If you want to confirm this you can log the allocated array size, or you can probably just curl the image served from amazon directly to a local blob and compare its byte size with the image locally (ie curl http://whatever/img.png > blob && ls -l blob).




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Anton Moiseev

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Aug 26, 2014, 11:40:37 AM8/26/14
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Chris, thank's for input, I have solved this.

The problem was in this line:


      val bytes = new Array[Byte](in.available)
     
in.read(bytes)

in.available returns correct value, but in.read in some cases does not read the whole strem at a time, but only part of it (and returns number of read bytes).

so I have replaced these two line with a bigger section which always reads all bytes from input stream:

      val buffer = new java.io.ByteArrayOutputStream()
      val data
= new Array[Byte](16384)
     
var nRead = in.read(data, 0, data.length)
     
while (nRead != -1) {
        buffer
.write(data, 0, nRead)
        nRead
= in.read(data, 0, data.length)
     
}
      buffer
.flush()
      val bytes
= buffer.toByteArray();

and in this way all works now.



For the reason why this could happen. On the local machine I run application from netbeans, and as I have found out, it does not run it from jar, but from output directory on filesystem - for example, this:

println(getClass.getResource("/public"))

on local machine (with netbeans) will print:

> file:/C:/xxx/snippets/scala-web/ScalaUnfilteredBasicDemo/target/classes/public

and on the remote machine I run application with java -jar and same call will print:

> jar:file:/home/ubuntu/scala/scala-unfiltered-basic-demo-1.0-SNAPSHOT.jar!/public


So, as I can see, when in.read(bytes) is called for local file, it will try to read the whole file at once (at least in my case with bigger image), and when called for resource file inside jar, it will read it in multiple steps (I have downloaded corrupted image from initial setup with curl and it gave me file with correct size, but it was filled with zeros at the end).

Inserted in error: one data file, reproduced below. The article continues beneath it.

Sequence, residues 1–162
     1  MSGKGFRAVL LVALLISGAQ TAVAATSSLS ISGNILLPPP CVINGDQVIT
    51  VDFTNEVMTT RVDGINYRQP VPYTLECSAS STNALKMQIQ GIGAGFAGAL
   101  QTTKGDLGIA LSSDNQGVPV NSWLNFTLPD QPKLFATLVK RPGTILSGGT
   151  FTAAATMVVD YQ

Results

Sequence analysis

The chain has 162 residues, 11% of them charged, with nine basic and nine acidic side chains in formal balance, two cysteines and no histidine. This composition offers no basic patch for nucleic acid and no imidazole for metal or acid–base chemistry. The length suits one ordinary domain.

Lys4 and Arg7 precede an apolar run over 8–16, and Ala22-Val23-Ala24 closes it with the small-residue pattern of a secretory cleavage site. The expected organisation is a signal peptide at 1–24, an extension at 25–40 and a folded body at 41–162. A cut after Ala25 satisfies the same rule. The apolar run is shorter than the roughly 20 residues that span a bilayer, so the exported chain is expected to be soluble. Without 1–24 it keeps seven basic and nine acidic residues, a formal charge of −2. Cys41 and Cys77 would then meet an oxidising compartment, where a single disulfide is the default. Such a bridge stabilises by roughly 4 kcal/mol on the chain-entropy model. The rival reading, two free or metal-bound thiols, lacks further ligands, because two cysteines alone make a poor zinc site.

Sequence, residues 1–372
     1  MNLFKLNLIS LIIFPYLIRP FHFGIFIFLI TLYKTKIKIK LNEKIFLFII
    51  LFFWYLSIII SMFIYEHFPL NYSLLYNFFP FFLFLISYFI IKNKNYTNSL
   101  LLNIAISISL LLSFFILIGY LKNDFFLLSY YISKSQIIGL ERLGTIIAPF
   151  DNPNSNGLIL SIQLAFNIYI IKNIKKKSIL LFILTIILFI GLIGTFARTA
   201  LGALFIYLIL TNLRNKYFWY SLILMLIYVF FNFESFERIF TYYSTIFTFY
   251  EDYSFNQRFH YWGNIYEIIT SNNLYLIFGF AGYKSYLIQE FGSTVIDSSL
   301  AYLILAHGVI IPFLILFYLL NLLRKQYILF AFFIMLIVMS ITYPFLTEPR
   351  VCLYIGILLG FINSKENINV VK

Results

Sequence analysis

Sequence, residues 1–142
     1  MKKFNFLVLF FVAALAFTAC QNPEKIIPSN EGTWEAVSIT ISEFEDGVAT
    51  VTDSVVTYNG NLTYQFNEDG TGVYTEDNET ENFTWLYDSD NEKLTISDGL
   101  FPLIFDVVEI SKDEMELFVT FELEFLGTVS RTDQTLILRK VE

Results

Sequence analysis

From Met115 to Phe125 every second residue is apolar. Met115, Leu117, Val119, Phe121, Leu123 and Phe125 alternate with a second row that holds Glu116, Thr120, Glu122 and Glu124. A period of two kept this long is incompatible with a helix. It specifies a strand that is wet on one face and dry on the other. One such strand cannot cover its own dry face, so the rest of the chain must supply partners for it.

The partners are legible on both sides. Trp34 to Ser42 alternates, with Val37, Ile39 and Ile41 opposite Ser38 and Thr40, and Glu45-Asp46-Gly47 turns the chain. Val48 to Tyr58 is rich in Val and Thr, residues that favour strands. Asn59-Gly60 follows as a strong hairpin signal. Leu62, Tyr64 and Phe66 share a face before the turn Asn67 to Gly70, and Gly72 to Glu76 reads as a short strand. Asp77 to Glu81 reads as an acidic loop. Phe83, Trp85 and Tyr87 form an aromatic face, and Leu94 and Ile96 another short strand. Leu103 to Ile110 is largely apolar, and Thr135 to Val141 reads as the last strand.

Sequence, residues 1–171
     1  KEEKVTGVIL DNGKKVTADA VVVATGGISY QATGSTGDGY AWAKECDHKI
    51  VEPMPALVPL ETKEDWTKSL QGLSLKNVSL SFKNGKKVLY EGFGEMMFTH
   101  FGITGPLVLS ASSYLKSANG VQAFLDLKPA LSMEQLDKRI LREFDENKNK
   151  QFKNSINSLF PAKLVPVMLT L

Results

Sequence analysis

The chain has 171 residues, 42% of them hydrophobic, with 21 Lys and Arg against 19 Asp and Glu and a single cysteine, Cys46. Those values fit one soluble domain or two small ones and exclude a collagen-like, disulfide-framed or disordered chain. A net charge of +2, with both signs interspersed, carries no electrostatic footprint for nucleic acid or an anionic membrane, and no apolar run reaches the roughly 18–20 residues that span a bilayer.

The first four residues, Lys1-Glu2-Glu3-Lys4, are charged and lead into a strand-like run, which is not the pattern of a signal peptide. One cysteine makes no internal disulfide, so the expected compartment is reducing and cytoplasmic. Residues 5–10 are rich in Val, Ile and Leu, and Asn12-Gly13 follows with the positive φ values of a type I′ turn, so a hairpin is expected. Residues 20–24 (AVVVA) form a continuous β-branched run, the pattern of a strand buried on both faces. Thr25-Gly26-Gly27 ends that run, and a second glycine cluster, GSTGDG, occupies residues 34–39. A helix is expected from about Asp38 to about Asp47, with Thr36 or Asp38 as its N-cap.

I also run Oracle JDK on local machine and OpenJDK on remote machine, which also might affect this in some way.

---

Anyway, by following your advice, I have added 'public' dir in resource to jetty startup line in this way:

unfiltered.jetty.Http.apply(8080).resources(getClass.getResource("/public")).plan(handlePath).run()

and now all images from '/public' are loaded automatically without any of the above code. The only trap here may be - the last section with any path handler should be removed from custom filter:


//    case Path(Decode.utf8(Seg(path :: Nil))) =>
//      Ok ~> PlainTextContent ~> ResponseString("Your segment: " + path)

because it will capture all requests and resources will never be loaded.


This also works for resources inside jar file and I really love this because in this way creating and running web application as normal jar file with all resources inside is much simpler, than deploying war file to tomcat (no need to install and confugure tomcat). For high loaded installations with many static content I would use nginx frontend with virtual filesystem directory for images and other static content.

Chris Lewis

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Aug 26, 2014, 12:17:16 PM8/26/14
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Glad you sorted it out! Yeah the behavior of read can be different according to the JVM implementation, server hardward, OS .. a plethora of things really. Yay resource handling!